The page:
The Right Exercise continued...
Of course, Jakicic's findings also support that other factor crucial for successful weight loss -- cutting calories.
The 200 women he evaluated, typically 5-foot-4 and weighing 192 pounds when his study began, all cut their calories to 1,200 to 1,500 a day and fat intake to no more than 30% of total calories consumed.
"In this study, they cut calories by almost one-third their previous levels," says I-Min Lee, MBBS, ScD, of Harvard Medical School, who wrote an accompanying editorial to Jakicic's study.
"It's a balance issue. You can exercise very little but eat nothing and still lose weight. It comes down to how much you are willing to sacrifice, in terms of what you eat and what you do to burn it off. Most people don't want to cut their food intake by too much."
Still, Lee tells WebMD that this study shows that a little exercise, done consistently, can do a lot of good.
Pump Up Your Fitness, Too
The researchers also found that all four levels of exercise had the same effect on improving fitness level. Looking at increases in oxygen consumption -- a measure of how well the body uses oxygen for energy -- the researchers found that all four groups had similar improvements after 12 months of exercise.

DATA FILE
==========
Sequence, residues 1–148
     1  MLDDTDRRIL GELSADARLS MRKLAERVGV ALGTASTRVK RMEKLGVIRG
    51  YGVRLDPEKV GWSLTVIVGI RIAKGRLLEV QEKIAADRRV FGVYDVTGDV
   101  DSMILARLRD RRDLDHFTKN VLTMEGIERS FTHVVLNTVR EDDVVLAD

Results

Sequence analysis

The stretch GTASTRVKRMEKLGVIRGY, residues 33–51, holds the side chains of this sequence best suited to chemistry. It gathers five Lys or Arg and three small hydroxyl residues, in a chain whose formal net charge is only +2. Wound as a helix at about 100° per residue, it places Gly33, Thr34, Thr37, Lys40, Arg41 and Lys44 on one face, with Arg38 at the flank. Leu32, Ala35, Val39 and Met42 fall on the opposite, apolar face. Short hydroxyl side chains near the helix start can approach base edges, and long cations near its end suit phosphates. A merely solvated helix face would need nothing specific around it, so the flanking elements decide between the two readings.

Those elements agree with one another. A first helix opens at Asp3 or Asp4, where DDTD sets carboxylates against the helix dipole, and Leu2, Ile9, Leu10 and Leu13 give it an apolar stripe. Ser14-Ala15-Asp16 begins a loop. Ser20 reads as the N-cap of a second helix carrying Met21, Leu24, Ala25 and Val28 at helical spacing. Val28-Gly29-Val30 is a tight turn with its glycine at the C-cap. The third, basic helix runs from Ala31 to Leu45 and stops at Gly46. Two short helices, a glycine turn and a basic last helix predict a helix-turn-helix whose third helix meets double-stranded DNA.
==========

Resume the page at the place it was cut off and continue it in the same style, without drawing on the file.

The Greatest Weight Loss
"You will get the greatest weight loss from changing your caloric intake in the short run," says Jakicic. "However, it appears that without the exercise, the initial weight loss is less and the long-term maintenance of weight loss becomes extremely difficult. So, diet without exercise will make the maintenance of weight loss very difficult."
Conversely, he says that exercise without dieting makes weight loss slow and probably less effective -- especially if you're looking to drop serious poundage.
His recommendation for the ideal combination: "If an individual reduces their current level of intake by 500 to 1,000 calories per day and exercises 30 to 60 minutes a day, the weight loss will be around two pounds per week, on average."